Fashion Classics from Carlyle to Barthes (Dress, Body, Culture)
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With so much focus on contemporary theory, it is easy to forget that the serious analysis of clothing and fashion has a long history. In fact, they have been the subject of intense cultural debate since the nineteenth century. Fashion Classics provides an interpretative overview of the groundbreaking and often idiosyncratic writings of eight theorists whose work has profoundly influenced the conceptual and theoretical basis of our contemporary understanding of clothes and the fashion system.
Carter fully revives early ‘fashion theorists' – some canonical and others less well known – and examines them in light of more recent work. From Carlyle's fantastical character Professor Teufelsdrockh, through the first Freudian analysis of clothes by J.C. Flugel, the pioneering work of Spencer, Veblen, Simmel, Kroeber, Laver and finally Barthes' monumental work on the modern fashion system, this book explores and explains the foundations of fashion theory. Not only does it provide an historical outline of Western conceptions of clothes and fashion, but it also highlights how ideas intermix and build on one another.
Carter's lively narrative clearly shows that views on fashion have always been impassioned – perhaps most notably Carlyle's notorious attack on Dandyism and Veblen's suggestion that clothes should be made out of old newspaper. This book also makes sense of complex theory and is essential reading for anyone seeking an overview of the history of fashion theory.
strong emphasis upon the social and political aspects of dress and fashion is very influential on later thinkers. But it has to be said that these emphases are always present at the expense of aesthetic considerations, those aspects that are usually referred to as beauty, elegance and ugliness. Spencer, Veblen, Simmel and Flügel all realize that fashion is responsible for making us wear sartorial abominations as well as providing ensembles that are elegant and beautiful. In different ways they
increased power of fashion that it has overstepped the bounds of its original domain, which comprised only externals of dress, and has acquired an increasing influence over taste, theoretical convictions, and even the moral foundations of life in their changing forms.27 Follow this prediction through to its logical end and fashion becomes the historical destiny awaiting modern capitalism. From being a game of competition in the restricted area of appearance, fashion expands to become the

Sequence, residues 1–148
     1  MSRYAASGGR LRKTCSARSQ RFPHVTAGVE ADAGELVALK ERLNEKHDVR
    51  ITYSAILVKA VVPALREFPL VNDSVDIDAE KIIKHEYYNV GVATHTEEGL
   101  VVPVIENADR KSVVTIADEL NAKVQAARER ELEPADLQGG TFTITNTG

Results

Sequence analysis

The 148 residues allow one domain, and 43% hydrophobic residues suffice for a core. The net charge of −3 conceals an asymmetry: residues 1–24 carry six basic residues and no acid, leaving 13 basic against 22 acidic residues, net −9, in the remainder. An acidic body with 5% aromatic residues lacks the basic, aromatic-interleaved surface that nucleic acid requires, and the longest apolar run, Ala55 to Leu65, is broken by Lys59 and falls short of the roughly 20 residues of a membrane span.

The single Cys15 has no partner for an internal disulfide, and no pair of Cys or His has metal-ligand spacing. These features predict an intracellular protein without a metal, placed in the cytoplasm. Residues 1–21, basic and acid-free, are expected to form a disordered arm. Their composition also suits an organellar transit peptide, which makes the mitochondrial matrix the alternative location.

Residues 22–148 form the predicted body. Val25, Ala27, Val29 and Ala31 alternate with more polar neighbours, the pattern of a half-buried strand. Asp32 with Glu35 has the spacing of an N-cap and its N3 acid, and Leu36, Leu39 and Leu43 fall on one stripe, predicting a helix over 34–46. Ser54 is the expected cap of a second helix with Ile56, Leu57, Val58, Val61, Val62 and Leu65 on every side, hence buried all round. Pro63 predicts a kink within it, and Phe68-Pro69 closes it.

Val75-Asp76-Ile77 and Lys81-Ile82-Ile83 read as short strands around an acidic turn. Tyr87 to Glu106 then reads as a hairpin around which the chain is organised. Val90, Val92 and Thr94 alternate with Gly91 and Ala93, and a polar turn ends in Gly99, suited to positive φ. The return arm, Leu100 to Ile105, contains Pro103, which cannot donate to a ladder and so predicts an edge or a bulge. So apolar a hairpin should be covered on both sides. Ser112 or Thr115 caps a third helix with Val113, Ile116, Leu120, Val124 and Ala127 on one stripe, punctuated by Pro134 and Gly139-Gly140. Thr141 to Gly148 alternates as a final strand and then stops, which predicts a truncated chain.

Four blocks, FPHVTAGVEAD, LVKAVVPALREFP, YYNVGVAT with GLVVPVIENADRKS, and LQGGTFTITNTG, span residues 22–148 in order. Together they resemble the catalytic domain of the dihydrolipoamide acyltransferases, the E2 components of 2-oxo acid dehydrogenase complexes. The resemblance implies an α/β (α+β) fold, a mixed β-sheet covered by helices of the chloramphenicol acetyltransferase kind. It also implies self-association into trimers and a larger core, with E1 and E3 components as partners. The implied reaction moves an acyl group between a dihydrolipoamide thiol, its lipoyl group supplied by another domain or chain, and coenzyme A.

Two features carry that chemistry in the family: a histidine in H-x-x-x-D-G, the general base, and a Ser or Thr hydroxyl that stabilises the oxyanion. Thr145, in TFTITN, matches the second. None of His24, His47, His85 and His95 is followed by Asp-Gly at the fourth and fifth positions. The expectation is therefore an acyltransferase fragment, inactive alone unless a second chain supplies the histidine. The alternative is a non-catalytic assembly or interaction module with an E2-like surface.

between what Flügel is doing here and Kroeber’s measurements of women’s evening dresses. In both cases the authors are attempting to devise a method to enable an accurate picture to emerge of the actual changes affecting clothes. For Kroeber, the most important characteristic to plot is the oscillation of the dress shape, and the subsidiary factor of the ratio of exposed flesh to covered flesh. Flügel, beginning with his major binary of modesty and display, argues that variations in clothing
in this instance was just one small example of the revolution taking place in the social mores and intellectual convictions of a whole section of the nation. Daily life for the British middle and upper classes was changing and changing fast. Part of this change was the rejection, and then demonization, of the values and manners associated with George IV and William IV. What was coming into being was Victorianism with its, at least, overt espousal of personal abstemiousness, social and individual
Carlyle fails to match his sensitivity to the subtleties of the dandy idea when he attempts to grasp the ‘Architectural Idea’ of the poor. What might have been witty and amusing when applied to the wealthy loses its humour when turned upon the ‘Bogtrotters’, ‘White-Negroes’, ‘Ragged-Beggars’ or ‘Poor-Slaves’; all names he uses to describe the (Irish) poor. Assertion substitutes for elucidation: ‘. . . the original Sect is that of the Poor-Slaves; whose doctrines, practices, and fundamental